BRITISH CULT CLASSICS: Horrors of the Black Museum / DVD Review

By 1959 the British horror boom had started in earnest. The spectacular success of Hammer's colour Gothic cinema, epitomised in The Curse of Frankenstein (1957) and Dracula (1958), confirmed there was an adult audience attracted to this material and ripe for exploitation. Recognising the potential box office for such films, a number of similar British film producers were quick to leap onto the bandwagon. Anglo Amalgamated were just one such company.

Set up by Nat Cohen and Stuart Levy in 1945, this small production and distribution company, which combined low budget British featurettes with American 'A' movies, had ambitions to move into full-length feature film production. By 1950, Cohen and Levy had formed a production company with Julian Wintle, a young producer working at Merton Park studios. Under their auspices Joseph Losey made his first film in the UK, 1954's The Sleeping Tiger, and they would produce three Tommy Steele musicals, all the Carry On films up till 1966 and the infamous 'Sadian horror trilogy' of Horrors of the Black Museum (1959), Circus of Horrors (1960) and Michael Powell's sublime Peeping Tom (1960).

Anglo's first films Mystery Junction (1951) and Wide Boy were primarily crime dramas or thrillers such as Ghost Ship (1952) and Counterspy (1953) and these established their fruitful relationships with the likes of directors Ken Hughes and Vernon Sewell. While Cohen and Levy bankrolled the Alec Snowden and Jack Greenwood production of the Scotland Yard (1953-61) series of half-hour crime second features at Merton Park, a number of breakthrough films established their credibility after they started to sign deals with the likes of Eros, Lippert, American International Pictures and agent Herman Cohen. (1)

Cohen had already met Nat (they weren't related, by the way) when they had formed a co-production and distribution deal with Lippert Pictures on Ghost Ship and Counterspy and secured American star Phyllis Kirk for Anglo's thriller River Beat which he produced for them in 1954. His reputation as a producer at American International Pictures was sealed with the drive-in successes I Was a Teenage Werewolf (1957), I Was a Teenage Frankenstein (1957), Blood of Dracula (1958) and How to Make a Monster (1958) after he had acknowledged there was a growing teenage audience for science fiction and horror movies.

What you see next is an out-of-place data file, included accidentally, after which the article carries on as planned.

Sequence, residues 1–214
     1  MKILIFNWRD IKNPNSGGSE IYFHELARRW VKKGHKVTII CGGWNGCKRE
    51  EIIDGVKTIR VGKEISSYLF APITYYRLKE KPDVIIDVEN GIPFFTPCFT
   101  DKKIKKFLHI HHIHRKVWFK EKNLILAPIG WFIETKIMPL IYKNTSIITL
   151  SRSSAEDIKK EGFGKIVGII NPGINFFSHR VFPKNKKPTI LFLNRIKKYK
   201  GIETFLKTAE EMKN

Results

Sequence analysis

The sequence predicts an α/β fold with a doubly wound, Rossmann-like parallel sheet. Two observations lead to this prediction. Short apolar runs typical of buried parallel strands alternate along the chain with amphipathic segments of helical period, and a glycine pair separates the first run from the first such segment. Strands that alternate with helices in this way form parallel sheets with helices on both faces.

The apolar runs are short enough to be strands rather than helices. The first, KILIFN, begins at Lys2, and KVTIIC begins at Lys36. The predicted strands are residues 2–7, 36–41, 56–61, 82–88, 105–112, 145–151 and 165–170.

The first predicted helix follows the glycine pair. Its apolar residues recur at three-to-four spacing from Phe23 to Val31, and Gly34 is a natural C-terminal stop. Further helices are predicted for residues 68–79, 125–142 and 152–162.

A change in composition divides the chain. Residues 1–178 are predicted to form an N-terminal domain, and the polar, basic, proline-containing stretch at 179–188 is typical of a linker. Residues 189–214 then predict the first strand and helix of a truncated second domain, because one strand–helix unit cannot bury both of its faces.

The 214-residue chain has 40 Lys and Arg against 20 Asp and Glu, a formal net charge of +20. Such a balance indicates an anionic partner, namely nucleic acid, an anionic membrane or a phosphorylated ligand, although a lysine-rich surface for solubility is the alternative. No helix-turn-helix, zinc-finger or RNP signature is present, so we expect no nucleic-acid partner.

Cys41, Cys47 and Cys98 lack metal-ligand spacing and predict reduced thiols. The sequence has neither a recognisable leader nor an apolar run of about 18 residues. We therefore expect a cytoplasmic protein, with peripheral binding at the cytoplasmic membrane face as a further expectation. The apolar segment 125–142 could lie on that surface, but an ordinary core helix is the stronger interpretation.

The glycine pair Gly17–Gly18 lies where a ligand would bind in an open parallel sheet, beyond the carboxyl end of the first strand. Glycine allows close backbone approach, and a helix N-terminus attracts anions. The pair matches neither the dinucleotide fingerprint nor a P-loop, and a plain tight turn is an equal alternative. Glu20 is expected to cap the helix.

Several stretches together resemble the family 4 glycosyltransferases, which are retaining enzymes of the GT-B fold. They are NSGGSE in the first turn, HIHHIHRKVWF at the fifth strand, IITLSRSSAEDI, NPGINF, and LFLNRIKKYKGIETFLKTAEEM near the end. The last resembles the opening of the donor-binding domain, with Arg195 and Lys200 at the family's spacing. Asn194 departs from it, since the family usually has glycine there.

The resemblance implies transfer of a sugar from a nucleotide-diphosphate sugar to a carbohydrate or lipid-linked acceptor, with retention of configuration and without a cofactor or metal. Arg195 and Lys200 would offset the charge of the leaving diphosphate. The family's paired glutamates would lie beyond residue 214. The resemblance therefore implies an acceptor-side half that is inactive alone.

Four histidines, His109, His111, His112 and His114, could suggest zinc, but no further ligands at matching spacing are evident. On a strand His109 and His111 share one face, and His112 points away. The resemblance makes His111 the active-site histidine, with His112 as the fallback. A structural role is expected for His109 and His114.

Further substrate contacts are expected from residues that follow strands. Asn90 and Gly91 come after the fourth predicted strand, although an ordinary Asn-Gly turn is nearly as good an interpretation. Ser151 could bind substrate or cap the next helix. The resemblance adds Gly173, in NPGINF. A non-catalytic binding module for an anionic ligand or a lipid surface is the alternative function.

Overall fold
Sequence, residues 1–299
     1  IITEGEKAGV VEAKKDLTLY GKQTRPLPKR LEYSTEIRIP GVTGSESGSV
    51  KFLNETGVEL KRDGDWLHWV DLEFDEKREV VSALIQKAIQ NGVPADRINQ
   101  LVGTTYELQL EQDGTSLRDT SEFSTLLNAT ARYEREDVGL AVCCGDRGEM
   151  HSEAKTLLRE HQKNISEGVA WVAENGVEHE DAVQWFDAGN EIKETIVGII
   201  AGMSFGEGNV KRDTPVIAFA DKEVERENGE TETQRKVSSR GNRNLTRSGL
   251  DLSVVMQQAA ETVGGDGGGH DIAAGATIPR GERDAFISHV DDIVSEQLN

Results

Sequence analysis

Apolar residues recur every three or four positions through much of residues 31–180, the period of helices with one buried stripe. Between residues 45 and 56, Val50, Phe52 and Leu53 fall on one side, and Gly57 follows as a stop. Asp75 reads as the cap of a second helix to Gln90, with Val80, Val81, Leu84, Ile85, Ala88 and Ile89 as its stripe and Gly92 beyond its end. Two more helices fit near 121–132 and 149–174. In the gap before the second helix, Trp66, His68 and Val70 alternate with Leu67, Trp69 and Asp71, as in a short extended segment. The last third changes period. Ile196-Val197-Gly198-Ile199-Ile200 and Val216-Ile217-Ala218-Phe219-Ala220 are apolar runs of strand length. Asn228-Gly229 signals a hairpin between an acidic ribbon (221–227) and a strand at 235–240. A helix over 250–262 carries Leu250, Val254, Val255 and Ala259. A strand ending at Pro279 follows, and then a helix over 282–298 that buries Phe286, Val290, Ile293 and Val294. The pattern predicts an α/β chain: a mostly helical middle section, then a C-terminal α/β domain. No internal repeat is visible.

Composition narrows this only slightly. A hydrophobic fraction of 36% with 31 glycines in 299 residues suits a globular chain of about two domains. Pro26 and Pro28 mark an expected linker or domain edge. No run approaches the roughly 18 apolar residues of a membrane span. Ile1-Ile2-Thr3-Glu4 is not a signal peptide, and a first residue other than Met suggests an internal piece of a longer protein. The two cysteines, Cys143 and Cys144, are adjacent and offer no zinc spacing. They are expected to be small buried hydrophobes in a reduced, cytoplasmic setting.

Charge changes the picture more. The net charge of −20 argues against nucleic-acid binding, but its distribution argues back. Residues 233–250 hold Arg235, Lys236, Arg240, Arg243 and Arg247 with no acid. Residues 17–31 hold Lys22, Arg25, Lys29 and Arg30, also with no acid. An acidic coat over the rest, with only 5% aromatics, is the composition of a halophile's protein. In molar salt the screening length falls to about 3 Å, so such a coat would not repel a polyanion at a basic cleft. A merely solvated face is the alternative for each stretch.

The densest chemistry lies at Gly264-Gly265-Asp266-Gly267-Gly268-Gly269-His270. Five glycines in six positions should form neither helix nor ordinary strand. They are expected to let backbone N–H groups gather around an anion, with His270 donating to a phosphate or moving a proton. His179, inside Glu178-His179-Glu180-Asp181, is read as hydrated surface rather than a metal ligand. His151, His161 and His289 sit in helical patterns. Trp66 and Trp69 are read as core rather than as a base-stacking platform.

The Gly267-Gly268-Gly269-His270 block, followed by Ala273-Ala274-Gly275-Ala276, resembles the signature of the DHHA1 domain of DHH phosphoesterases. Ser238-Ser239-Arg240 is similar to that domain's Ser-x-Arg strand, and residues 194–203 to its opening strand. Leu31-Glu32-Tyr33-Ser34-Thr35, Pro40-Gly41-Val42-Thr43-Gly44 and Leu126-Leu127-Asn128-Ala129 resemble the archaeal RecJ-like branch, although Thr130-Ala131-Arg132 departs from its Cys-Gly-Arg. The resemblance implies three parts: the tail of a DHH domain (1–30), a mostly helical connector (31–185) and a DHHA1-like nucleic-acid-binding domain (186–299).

'... a young stable boy was fired for having sex with her in the stables '
Anglo Amalgamated handled the UK distribution of Herman Cohen's AIP product and it was this relationship that brought him and AIP owners Samuel Z. Arkoff and James H. Nicholson to London and a fateful visit to Scotland Yard's own Black Museum. 'I was reading a group of articles in the Sunday Parade about Scotland Yard's Black Museum. I went to London, and while I was there, a friend of mine that knew an inspector at Scotland Yard got me a special pass to go through the Black Museum,' recalled Cohen in Tom Weaver's 1994 book Attack of the Monster Movie Makers - Interviews with 20 Genre Giants. (2)

Now referred to as the Crime Museum, the so called Black Museum of criminal memorabilia came into existence sometime in 1874 and was originally housed in a set of rooms in the basement of New Scotland Yard. Its collection of over 500 criminal artefacts inspired Cohen to concoct Horrors of the Black Museum with long standing collaborator, screenwriter Aben Kandel.

Kandel had originally gained some distinction in the industry as a novelist with Vaudeville (1927), Black Sun (1929) and City for Conquest (1936) and broke into screenwriting by helping adapt Dinner at Eight (1933) for the screen before crafting scripts for the likes of They Won't Forget (1937) and The Iron Major (1943). In the 1950s and 1960s his work was primarily on low budget exploitation movies such as Cohen's I Was a Teenage Frankenstein (1957) and How to Make a Monster (1958). 

Cohen and Kandel, inspired by the exhibits at Scotland Yard, came up with a number of bizarre murders based on actual cases, including the shocking opening to the film where a woman's eyes are gouged by spikes concealed in a pair of binoculars. According to Cohen: 'The murder with the binoculars happened in the thirties, in Kent. A young stable boy who was very much in love with his master's daughter was fired for having sex with her in the stables. And she would have nothing to do with him after that. When the Royal Ascot meet started the following year, she received through the mail a pair of binoculars, mailed from the Paddington Post Office. She took them to the window, she focused them, and the needles penetrated through her eyes and killed her. The stable boy was found, was tried and was hung. And those binoculars are in the Black Museum in Scotland Yard.' (3)

While Kandel co-wrote the screenplay of Horrors of the Black Museum with Cohen, Anglo Amalgamated confirmed a co-financing deal for the film with AIP, making this its first film in colour and Cinemascope. Although Merton Park's resident producer Jack Greenwood was credited as such on the film this was an arrangement to satisfy the Eady Levy which stipulated that co-productions must have a British producer to qualify for its production subsidy. Herman Cohen handled the production, including casting and hiring a director.